Adding and Synchronizing 2 Characters in Havok Behavior Tool

Adding and Synchronizing 2 Characters in Havok Behavior Tool

I have one character in my behavior project, and I'd like to add another. How do I do that?

Once I've done that, how might I go about synchronizing animations on these characters when they interact?

A perfect example is a tackle in American football. In my past experience I asked an animator to create "dual" animations for each character. He / she would set up and animate the characters from the start of their interaction through the end of their interaction. These animations are then exported seperately for each character. You then use higher-level logic to determine whether two characters should play a dual (or synched) animation and blend into them as required.

It seems the Havok Behavior Tool could help me with something like this, but I'm not seeing any tutorials on character-character interaction.

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Quoting - mseare
I have one character in my behavior project, and I'd like to add another. How do I do that?

Once I've done that, how might I go about synchronizing animations on these characters when they interact?

A perfect example is a tackle in American football. In my past experience I asked an animator to create "dual" animations for each character. He / she would set up and animate the characters from the start of their interaction through the end of their interaction. These animations are then exported seperately for each character. You then use higher-level logic to determine whether two characters should play a dual (or synched) animation and blend into them as required.

It seems the Havok Behavior Tool could help me with something like this, but I'm not seeing any tutorials on character-character interaction.

Michael:

Once you create or load a project, you can create as many characters as you like in HBT using the "new character" feature in the asset view - in the 6.1 version I believe you can just right click on the "Characters Folder" folder element in the Asset View at the left and choose "New Character".

Paired animations are definitely possible and can be achieved in a number of ways.

Minimally, you can create events that are "global" in HBT-only as a 1st test, and when one character raises this "tackle" event, the other character is forced to respond.

This clearly leaves open the topic of how and when to manage the orientation and proxity logic for when and if the pairing actually occurs.

Sensing is generally used to moniitor a local frame (see the HCT tools on local frames) and to decide when things are "close enough".

Thereafter, the logic for "what is my orientation relative to the defender" needs to be sorted out. You can use the "compute direction" modifier to get some information on this.

Alternatively you can put some logic on the defender itself to determine the incoming attack and to "choose the right response" when the "tackle" event is raised by the attacker.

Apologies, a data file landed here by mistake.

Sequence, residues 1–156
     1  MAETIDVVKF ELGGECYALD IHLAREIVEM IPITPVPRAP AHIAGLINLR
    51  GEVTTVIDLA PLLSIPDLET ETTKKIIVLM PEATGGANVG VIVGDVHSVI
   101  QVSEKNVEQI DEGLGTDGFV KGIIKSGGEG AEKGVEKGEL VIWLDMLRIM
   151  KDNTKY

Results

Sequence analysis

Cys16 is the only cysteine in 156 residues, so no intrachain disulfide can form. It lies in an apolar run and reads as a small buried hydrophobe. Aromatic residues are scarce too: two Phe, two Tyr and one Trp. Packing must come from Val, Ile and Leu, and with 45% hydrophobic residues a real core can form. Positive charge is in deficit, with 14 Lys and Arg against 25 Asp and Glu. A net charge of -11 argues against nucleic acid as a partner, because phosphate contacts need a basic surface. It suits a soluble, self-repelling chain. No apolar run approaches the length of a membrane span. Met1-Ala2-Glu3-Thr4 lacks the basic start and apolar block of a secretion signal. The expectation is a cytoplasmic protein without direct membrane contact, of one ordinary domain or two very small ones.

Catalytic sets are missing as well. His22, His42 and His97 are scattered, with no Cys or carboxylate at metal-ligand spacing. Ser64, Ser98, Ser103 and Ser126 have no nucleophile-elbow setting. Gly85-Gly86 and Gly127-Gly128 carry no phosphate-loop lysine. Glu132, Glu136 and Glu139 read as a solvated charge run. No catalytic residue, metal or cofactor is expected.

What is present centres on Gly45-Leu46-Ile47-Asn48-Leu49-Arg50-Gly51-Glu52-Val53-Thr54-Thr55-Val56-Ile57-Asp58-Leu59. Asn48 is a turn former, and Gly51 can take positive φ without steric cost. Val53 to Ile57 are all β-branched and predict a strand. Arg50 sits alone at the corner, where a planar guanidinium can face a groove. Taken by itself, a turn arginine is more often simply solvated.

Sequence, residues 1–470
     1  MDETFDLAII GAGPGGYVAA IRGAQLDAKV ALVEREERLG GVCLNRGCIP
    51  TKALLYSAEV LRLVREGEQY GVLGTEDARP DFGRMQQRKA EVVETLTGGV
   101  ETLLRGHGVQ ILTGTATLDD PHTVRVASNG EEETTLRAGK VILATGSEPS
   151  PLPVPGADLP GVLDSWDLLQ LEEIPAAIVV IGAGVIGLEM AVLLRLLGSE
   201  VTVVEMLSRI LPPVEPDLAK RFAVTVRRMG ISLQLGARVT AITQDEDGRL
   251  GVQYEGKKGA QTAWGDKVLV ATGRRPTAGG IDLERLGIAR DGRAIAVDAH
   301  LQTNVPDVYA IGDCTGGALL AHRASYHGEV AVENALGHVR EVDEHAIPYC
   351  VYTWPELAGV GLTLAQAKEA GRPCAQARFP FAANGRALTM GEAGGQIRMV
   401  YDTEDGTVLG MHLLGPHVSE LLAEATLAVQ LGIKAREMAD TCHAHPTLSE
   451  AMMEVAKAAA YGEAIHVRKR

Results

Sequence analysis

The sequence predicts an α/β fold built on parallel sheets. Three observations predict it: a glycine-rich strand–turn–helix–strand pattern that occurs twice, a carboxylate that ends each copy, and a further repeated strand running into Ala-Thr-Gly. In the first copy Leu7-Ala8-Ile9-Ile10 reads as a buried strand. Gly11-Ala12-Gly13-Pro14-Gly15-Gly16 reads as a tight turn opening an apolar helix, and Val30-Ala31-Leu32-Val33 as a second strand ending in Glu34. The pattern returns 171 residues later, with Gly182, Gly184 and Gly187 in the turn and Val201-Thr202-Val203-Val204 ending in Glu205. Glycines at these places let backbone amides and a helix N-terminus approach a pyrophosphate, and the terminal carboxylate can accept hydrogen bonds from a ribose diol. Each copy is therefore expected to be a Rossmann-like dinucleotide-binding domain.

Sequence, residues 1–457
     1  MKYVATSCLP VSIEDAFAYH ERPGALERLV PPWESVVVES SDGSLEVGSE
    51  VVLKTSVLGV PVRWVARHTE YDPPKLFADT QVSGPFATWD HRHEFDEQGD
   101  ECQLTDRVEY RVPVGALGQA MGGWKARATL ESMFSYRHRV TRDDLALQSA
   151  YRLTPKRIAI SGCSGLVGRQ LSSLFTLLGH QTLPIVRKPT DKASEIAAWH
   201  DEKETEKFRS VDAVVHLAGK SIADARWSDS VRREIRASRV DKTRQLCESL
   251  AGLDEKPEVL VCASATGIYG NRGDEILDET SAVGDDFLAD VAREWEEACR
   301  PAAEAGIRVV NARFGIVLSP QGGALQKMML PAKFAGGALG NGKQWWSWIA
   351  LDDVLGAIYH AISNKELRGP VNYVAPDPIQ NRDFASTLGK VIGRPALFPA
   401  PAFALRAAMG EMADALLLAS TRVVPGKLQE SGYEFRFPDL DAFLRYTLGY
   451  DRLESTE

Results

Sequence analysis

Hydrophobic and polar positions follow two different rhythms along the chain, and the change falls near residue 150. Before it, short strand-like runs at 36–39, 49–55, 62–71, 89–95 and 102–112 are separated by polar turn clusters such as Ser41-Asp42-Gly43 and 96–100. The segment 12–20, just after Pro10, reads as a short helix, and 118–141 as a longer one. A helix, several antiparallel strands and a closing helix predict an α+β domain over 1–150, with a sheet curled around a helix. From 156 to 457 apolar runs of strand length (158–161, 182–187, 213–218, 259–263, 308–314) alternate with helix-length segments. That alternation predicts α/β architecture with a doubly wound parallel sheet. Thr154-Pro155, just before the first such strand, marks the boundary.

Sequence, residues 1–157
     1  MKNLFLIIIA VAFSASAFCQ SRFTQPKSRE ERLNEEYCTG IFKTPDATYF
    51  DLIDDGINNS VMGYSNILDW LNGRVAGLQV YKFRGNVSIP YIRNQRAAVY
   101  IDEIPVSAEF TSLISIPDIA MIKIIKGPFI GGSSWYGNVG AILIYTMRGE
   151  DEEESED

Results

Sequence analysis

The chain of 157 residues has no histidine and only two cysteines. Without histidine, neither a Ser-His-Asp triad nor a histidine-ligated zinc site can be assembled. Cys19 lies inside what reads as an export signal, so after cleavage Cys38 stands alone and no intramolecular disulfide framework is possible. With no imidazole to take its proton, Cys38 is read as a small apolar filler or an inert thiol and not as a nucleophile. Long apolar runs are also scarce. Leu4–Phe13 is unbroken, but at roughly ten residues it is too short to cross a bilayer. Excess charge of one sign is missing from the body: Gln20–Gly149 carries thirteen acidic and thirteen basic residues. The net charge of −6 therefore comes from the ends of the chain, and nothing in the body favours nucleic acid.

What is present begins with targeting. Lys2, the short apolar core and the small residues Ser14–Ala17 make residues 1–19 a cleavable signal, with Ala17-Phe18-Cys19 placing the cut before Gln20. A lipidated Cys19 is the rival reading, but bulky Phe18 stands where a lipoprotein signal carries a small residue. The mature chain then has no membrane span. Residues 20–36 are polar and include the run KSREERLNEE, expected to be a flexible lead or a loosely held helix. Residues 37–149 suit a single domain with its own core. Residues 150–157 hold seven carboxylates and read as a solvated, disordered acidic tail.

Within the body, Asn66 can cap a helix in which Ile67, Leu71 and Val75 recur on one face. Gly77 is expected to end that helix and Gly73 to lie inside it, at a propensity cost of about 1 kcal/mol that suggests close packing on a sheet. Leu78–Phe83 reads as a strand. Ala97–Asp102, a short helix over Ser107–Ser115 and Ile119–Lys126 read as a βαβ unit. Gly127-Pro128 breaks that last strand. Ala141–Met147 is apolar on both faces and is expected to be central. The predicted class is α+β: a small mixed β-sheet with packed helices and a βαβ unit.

There's a lot of 'blank space' in this problem, depending on the game design for how this works (ie what to do if the character who is tackling is too far away - abort the tackle animation and choose a "miss" animation" for the attacker? Same question for the defender.

Finally, beyond the simplistic "global event" approach to raising and hearing these events between characters, the far better way is to use the "attachment" m odifier to broad cast and event to the "attachee" (in this case the defender). In this way, if the attacker is "close enough" and decides to form an attachment with the defender, it can broadcast to the defender a singular event (this works at run-time, which is the better way to do things for sure).

The attachment can be of various types, including a physical constraint - it can also be highly transient - you can form it for brief moment of time and then release it... just enough to get the ragdolls in position the way you want them.

Lots of things to tweak and adjust, but this is the way we've seen things done and it appears to work fairly well.

I should also point out that you will very likely want to have keyframe bones modifier on most of the "fully animated" bones like the lower body, and yo umay choose to soften up the upper body of each character by not including those ragdoll bones in the KF bones modifier. This can give you some nice reactive response (though you may have the typical issues with high-speed collisions where you need to do some tuning.

All of this presumes you read/understand the use of local frames to tag "sensor points" on the ragdolls of the attacker and defender - to enable interesting sensing.

Though you can tag rig or ragdoll, I'd suggest tagging the ragdoll for the dual character approach... I think this is the most powerful.

This is alot for one thread... I'd recommend attacking in bits and hit me with more questions. Would be happy to try and help you get something going there in the demo version of the tool.

Jeff

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